Bubble, bubble, toil and trouble. Oh, how accurate those words are. The Thirteenth Doctor (Jodie Whittaker) and friends find themselves amid an old-fashioned witch hunt. Wait, is that “old-fashioned” or “contemporary”?
For The Witchfinders, the Doctor was accused of black magic, there was some mud, and Graham wore a hat. In his review, Simon Danes wasn’t so sure those things were enough to celebrate:
“[The TARDIS crew are] okay. They’re nothing very special. Bradley Walsh is clearly the best. But Yaz and Ryan are never going to join the A list of the best companions (which, I’d suggest, would include Ian and Barbara, Sarah, Donna, and Bill). I’d suggest that Bradley Walsh isn’t A list standard either; he’s just much better than the others. If he’d been in Capaldi’s last season, he would have been consistently outshone by the depth and subtlety of Pearl Mackie’s performance (though admittedly he would have been given better material to work with; the writing was hugely superior in the last season). The current TARDIS crew, to be honest, verges on the dreary.”
But we’ve got loads of writers knocking about the DWC, trying to find the fire escape or at least a window so they can see their homes in the distance and shout for help. We’ve all got different opinions that we’re happy enough to express (I like to think that’s what makes the DWC special), so we asked a few contributors what they thought of The Witchfinders…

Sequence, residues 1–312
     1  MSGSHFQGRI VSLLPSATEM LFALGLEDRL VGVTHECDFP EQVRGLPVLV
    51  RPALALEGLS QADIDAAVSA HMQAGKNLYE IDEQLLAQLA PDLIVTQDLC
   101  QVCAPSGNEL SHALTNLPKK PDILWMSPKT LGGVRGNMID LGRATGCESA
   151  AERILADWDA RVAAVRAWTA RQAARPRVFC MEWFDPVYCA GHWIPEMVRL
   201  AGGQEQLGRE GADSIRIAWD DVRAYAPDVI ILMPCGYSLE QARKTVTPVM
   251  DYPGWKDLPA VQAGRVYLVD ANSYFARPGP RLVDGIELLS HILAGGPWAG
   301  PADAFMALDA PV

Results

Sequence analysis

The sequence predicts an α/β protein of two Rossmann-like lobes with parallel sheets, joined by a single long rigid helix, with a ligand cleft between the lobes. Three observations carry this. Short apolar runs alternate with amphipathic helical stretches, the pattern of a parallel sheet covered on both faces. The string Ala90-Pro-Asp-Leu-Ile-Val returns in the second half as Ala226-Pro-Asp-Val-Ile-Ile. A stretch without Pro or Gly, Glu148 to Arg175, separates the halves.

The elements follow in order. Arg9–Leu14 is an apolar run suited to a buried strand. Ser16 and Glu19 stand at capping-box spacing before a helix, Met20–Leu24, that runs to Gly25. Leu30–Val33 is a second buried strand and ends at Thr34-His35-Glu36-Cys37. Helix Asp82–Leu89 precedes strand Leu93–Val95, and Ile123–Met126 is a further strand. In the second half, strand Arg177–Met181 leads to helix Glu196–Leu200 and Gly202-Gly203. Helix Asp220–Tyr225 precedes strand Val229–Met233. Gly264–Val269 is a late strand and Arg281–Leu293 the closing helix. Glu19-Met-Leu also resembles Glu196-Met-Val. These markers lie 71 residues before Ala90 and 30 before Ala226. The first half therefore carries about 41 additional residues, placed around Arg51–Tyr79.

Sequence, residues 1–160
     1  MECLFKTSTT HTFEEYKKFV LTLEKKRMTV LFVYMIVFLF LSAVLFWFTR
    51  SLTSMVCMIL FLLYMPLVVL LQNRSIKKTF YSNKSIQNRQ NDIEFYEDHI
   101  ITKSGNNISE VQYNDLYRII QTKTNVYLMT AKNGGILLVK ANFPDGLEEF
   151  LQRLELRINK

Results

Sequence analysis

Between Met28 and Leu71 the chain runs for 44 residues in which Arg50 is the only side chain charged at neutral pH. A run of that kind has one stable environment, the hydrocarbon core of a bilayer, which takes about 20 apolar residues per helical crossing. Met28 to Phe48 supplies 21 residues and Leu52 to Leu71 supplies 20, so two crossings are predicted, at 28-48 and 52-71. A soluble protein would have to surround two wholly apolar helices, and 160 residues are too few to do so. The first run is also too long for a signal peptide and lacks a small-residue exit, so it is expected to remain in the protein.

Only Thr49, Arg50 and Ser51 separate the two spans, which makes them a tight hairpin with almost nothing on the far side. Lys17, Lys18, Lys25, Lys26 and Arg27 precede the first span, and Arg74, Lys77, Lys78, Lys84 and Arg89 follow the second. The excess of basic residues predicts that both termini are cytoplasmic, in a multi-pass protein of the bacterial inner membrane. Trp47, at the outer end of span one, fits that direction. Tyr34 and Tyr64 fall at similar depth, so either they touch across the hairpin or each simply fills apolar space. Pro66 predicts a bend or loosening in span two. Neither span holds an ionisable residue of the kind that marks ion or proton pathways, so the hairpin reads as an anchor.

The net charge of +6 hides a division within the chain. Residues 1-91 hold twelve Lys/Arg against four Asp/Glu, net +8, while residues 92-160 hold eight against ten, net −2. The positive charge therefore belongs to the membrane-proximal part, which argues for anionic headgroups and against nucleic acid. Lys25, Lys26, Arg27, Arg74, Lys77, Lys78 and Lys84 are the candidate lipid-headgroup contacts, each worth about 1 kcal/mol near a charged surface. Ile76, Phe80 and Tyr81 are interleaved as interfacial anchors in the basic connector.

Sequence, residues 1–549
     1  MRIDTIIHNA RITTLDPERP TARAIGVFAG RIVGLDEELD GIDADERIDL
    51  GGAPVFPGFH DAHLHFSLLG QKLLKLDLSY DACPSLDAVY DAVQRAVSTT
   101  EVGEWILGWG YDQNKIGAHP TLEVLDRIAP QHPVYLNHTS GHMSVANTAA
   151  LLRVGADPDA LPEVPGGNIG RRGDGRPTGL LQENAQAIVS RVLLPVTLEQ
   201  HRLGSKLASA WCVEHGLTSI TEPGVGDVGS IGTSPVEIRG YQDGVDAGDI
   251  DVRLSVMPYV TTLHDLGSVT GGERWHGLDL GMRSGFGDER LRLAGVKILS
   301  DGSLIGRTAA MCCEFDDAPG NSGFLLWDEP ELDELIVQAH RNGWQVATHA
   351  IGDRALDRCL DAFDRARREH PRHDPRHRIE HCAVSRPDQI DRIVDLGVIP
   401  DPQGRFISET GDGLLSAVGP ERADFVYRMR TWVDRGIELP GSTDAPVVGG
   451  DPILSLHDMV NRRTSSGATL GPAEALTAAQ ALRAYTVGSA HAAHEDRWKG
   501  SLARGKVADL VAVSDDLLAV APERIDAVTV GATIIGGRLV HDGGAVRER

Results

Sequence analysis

Where do I start? In no particular order of importance: the monster is yet again humanoid with similar bodily absorption properties to the Gelth but with poor CGI tentacle extras (did anyone else see it jerk like it was being pulled on a string?). The storyline was very one-dimensional, the background story had touches of Shada (aliens imprisoned, an invisible ship – okay this time it was a hill – and human minds taken over).
We then get insufficient roles, again, for three companions; very inactive and unconvincing extras as villagers; a totally unfeasible role for King James VI & I (travelling hundreds of miles from London with no carriage or entourage and only the one bodyguard – come on) and finally a dodgy historical fact (Mary Queen of Scots abandoned James at 57 weeks not ‘under one year old’).